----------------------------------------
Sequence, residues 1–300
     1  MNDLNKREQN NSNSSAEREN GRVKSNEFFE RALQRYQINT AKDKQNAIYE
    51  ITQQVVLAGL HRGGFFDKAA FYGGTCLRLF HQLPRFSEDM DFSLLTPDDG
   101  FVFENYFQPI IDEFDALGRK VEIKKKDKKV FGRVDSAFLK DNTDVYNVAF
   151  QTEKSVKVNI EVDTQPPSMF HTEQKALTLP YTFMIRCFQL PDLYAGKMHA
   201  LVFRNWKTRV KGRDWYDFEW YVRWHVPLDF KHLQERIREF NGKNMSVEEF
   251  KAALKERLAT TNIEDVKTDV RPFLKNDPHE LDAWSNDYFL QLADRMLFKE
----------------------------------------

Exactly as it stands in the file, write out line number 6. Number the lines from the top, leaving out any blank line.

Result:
   201  LVFRNWKTRV KGRDWYDFEW YVRWHVPLDF KHLQERIREF NGKNMSVEEF